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Mythbuster FAQs

The new UW advising model – MYTHBUSTING EDITION!

You’ve all probably heard that UW is shifting its advising model in the coming month.  Some of you have heard bits and pieces, and some of you have heard a lot.  Here are a few bite-sized pieces of FACT on the topic – and more information on the new system can be found at the Advising 2.0 website, http://www.uwyo.edu/acadaffairs/advising/

 

BASIC FACTS:

  • 20 new professional advisors will join existing UW professional advisors embedded in college advising centers and trained by ACES. There is no “central advising center,” but rather hubs in each college with specialists trained in your college’s programs and fluent in the content of other colleges’ programs.  They will take holistic and student-centered approaches to advising and develop relationships with our students.  All first-year students, as well as first-semester transfer students, will be able to go to these centers for their advising.  Depending on your college, students after this first transitional phase will either continue to be advised by your college center, or transition to your program’s advisors.
  • A hand-selected group of faculty will also advise new students. If you have not received a nomination notification, your advising duties will likely shift, depending on your college and department, to a mentorship role rather than assisting in scheduling courses.  If you have received a notification, more detail is in that notice about next steps for the advising training timeline and requirements.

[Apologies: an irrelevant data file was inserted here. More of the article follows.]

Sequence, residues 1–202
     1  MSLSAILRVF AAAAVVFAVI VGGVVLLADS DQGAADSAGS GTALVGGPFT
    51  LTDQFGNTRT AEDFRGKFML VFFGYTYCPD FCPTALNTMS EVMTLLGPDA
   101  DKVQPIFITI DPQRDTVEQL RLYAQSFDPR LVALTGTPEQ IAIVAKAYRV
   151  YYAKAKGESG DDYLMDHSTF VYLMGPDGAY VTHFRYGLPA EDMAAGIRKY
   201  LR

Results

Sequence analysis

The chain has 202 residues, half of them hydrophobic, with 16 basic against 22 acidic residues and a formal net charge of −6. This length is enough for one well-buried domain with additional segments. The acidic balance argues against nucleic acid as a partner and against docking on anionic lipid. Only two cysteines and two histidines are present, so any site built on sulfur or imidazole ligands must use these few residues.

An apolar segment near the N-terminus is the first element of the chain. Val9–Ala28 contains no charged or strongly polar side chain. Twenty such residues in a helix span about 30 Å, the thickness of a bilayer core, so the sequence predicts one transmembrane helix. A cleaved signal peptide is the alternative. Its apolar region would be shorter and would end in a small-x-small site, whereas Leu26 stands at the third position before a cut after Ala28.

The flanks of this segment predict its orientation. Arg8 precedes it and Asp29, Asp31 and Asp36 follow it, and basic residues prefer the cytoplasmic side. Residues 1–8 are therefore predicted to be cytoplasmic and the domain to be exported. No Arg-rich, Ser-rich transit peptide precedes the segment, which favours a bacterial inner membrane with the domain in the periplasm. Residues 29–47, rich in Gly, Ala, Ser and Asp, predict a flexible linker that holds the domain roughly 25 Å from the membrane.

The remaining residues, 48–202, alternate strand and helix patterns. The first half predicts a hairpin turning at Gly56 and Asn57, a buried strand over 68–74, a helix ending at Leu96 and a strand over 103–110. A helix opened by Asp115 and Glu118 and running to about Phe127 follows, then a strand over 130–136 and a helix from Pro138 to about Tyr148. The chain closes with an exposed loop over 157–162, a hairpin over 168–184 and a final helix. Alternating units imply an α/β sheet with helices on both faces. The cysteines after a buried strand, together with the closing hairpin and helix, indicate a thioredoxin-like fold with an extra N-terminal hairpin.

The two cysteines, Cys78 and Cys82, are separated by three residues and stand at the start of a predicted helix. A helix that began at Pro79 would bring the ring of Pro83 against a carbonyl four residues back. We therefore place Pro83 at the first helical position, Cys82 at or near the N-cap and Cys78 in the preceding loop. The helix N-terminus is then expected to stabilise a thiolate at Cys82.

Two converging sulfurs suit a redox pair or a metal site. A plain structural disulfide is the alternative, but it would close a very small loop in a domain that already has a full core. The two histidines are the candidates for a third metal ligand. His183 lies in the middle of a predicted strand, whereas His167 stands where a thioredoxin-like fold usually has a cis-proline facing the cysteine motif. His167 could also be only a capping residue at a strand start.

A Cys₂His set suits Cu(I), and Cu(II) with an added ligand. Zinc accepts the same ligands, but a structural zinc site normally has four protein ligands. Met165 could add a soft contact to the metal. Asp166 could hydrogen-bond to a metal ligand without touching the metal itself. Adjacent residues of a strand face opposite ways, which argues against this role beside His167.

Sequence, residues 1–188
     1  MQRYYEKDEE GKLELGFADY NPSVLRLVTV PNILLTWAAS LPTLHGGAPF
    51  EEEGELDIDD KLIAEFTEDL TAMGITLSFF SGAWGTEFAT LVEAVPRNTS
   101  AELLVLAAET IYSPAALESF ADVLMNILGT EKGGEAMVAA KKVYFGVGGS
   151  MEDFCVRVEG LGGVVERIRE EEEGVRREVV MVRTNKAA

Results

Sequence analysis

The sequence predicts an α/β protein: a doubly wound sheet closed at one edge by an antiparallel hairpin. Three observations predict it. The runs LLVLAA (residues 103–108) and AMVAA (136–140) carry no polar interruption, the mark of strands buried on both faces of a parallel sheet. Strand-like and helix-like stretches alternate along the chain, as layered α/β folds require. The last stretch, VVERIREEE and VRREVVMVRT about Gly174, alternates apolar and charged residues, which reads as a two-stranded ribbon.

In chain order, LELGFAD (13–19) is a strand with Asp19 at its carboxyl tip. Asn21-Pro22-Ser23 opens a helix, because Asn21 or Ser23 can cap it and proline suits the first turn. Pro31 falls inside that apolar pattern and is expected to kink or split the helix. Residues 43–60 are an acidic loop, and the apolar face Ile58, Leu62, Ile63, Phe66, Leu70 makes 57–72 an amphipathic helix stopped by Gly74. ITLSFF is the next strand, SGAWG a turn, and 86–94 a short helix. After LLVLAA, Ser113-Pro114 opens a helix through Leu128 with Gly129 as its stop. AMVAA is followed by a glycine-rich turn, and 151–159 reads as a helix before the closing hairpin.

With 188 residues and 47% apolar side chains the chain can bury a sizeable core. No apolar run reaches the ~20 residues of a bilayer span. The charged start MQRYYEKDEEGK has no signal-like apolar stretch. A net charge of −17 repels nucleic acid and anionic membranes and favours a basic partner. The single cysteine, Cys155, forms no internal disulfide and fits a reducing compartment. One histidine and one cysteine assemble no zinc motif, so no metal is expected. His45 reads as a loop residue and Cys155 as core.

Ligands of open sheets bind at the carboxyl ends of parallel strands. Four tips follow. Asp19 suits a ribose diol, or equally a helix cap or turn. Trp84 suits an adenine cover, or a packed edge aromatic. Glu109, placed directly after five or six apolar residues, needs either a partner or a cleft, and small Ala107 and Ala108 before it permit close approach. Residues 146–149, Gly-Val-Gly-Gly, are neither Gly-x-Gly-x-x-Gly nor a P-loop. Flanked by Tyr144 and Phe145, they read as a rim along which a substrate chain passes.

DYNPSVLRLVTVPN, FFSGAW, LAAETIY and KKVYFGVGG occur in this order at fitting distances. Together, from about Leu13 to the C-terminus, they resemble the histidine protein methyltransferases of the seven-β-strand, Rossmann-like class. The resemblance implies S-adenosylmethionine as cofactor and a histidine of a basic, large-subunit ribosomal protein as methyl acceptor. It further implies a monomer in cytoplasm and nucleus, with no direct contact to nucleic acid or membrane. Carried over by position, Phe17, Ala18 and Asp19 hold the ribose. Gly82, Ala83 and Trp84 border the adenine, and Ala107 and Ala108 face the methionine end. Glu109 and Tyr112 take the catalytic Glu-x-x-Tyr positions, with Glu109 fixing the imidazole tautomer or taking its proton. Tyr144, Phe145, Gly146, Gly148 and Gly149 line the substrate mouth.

• All advisors will be required to go through Advisor Training modules which will develop and hone competencies and skills needed to have complex transition conversations with students.

 

WHY?

  • A comprehensive study of internal practices, student satisfaction surveys, and research into best practices was conducted by the Advising Redesign Group. The resulting white paper documents that consistently-high-quality, routinely-available advising was a real need at UW.  Many good people do much good advising, but there was no training, no meaningful assessment or evaluation, no mechanisms for systemic improvement, and no benchmarking against or ability to nimbly adapt to national best practices among our peers. 

 

EVIDENCE?

  • Academic advising is the only structured activity in which all students have the opportunity for ongoing, one-to-one interaction with a concerned representative of the institution. Therefore, advisors are the people most vital in retention efforts.
  • Universities that have adopted campus-wide, proactive advising, or Integrated Planning and Advising for Student Success (IPASS) include many of our peer institutions. First semester and second semester GPA and retention rates as well as progression rates from sophomore to junior and junior to senior year are documentably and significantly higher when advising systems are reformed to include integrated and proactive advising.